- The Washington Times - Friday, June 13, 2003


Vajpayee in bind amid U.S. troop request

NEW DELHI — The Indian government is caught between a rock and a hard place amid Washington’s request to supply troops for a stabilizing force in Iraq, observers say, as the issue threatened to divide the nation.

On the one hand, they said New Delhi wants to retain good relations with Washington, but on the other, there is fierce political pressure at home not to accede to the request. If Prime Minister Atal Behari Vajpayee gives the go-ahead for deployment and significant casualties occur, he could face a severe political backlash in advance of key state and national elections in the next year.

New Delhi opposed the U.S.-led invasion of Iraq from the outset, saying any action against Baghdad should be coordinated by the United Nations. Should Mr. Vajpayee now allow Indian soldiers into Iraq — where they would be under U.S. and British, rather than U.N., command — he would be seen as doing a political about-face.


Musharraf pressed to yield special powers

ISLAMABAD — Opposition lawmakers continuing a boycott of Pakistani parliament since Monday threatened to bring people into the streets if a row about President Pervez Musharraf’s changes in the constitution is not resolved.

“If the deadlock continues, we will have no option but to bring people onto the street to establish the supremacy of the constitution,” said Liaqat Baloch, leader of the powerful Islamic alliance of Muttahida Majlis-e-Amal. Last Saturday, the opposition disrupted the presentation of a $13.8 billion national budget for 2003-2004 and refused to participate in the debate that began Tuesday.

Gen. Musharraf altered the 1973 constitution before holding elections in October that restored the parliament after three years of military rule. He gave himself powers to dismiss the elected assembly, provided a formal role for the army in politics, and declared himself president and army chief until 2007.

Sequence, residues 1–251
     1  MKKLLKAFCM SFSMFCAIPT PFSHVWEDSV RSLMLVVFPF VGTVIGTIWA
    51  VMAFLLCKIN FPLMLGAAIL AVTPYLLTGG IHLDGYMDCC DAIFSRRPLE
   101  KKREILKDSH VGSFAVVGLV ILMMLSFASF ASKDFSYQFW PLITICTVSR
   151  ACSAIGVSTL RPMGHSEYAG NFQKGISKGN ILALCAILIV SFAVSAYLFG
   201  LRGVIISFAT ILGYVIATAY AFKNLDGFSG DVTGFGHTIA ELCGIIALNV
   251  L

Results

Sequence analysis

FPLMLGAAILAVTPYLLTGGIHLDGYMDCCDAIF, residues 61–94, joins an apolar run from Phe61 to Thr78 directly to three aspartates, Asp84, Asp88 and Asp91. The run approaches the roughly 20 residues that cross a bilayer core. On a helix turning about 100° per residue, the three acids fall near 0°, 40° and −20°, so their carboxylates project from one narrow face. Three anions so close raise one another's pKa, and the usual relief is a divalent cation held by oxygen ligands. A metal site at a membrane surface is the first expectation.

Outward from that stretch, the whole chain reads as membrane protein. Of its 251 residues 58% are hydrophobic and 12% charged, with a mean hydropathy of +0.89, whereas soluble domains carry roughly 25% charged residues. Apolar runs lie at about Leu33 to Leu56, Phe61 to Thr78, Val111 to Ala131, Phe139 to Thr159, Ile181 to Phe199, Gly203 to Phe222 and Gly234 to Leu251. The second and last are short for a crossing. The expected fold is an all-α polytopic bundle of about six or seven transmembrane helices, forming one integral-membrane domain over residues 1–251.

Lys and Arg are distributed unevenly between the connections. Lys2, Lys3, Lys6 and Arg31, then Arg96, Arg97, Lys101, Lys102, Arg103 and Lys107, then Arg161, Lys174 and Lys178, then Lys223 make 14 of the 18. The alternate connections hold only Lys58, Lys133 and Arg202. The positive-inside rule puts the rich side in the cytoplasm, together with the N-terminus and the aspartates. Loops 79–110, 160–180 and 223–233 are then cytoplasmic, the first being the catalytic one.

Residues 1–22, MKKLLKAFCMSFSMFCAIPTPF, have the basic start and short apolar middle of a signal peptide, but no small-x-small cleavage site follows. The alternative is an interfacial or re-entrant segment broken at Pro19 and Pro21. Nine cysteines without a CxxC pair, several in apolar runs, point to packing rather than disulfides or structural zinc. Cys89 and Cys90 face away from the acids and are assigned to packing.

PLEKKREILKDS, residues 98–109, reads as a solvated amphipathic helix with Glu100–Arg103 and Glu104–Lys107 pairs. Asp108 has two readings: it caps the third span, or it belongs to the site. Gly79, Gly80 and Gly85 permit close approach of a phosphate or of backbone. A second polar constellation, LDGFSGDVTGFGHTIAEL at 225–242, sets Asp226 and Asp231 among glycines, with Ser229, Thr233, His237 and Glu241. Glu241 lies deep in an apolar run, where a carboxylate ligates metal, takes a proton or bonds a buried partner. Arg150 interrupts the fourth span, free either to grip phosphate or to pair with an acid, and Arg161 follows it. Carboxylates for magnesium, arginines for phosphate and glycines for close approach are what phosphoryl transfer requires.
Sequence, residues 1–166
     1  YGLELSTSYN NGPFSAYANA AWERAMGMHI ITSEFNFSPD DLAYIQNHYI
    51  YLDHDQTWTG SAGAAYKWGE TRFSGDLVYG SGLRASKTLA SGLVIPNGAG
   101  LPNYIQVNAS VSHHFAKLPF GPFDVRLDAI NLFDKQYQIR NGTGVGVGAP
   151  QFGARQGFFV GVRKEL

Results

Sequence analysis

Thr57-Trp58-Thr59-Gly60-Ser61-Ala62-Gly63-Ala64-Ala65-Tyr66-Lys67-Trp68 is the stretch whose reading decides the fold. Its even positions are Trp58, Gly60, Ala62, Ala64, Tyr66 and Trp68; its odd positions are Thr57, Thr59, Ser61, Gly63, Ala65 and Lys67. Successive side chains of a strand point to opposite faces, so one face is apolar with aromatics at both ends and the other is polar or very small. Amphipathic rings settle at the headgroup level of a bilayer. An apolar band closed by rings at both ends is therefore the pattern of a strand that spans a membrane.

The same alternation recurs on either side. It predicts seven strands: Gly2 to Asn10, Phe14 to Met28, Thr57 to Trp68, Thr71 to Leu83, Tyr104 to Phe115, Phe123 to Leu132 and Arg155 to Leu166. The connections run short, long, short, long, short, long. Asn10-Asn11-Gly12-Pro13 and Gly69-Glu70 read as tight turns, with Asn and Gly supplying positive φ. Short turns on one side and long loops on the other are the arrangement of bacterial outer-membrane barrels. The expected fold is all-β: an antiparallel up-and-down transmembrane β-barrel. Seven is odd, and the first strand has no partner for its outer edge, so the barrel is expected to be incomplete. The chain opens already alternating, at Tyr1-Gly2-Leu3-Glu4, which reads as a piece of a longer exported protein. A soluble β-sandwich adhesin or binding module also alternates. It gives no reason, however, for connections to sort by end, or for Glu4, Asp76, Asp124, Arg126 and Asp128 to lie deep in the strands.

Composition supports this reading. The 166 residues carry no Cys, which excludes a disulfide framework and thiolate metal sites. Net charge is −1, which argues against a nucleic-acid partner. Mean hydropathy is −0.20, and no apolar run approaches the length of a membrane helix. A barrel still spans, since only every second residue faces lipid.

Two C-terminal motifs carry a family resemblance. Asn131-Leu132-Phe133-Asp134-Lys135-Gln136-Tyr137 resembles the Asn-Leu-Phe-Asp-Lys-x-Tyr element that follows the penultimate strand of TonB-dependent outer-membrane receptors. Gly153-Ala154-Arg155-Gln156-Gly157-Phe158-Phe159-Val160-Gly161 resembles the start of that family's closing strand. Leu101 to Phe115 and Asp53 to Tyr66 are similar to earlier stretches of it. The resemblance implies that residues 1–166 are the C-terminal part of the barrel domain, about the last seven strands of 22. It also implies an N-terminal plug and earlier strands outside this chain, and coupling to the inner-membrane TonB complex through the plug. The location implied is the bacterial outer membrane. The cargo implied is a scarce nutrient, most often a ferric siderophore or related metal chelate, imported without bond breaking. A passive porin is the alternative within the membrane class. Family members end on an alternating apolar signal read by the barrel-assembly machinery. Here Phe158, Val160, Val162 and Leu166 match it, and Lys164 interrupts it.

Weekly notes …

A mass grave containing hundreds of Buddhist monks and civilians executed in Stalinist purges in the 1930s has been found in the Mongolian capital, Ulan Bator, say members of an investigative team. A probe of a construction site revealed 348 skulls with bullet holes in the back, they told reporters. There were at least 575 victims, but the number could top 1,000, they said. More than 700 monasteries and Buddhist temples were destroyed in Mongolia, which became the world’s second Communist state in 1921 under the domination of the neighboring Soviet Union. … At least 20 persons were injured in two incidents Thursday as police used water cannons and batons against political activists enforcing a general strike in Dhaka, Bangladesh, witnesses and police said. Police used force when members of the opposition Awami League tried to break through a police barricade, witnesses said. The home of Awami League leader Sheik Hasina Wajed, now in London on a private trip, is located in the neighborhood.

From wire dispatches and staff reports

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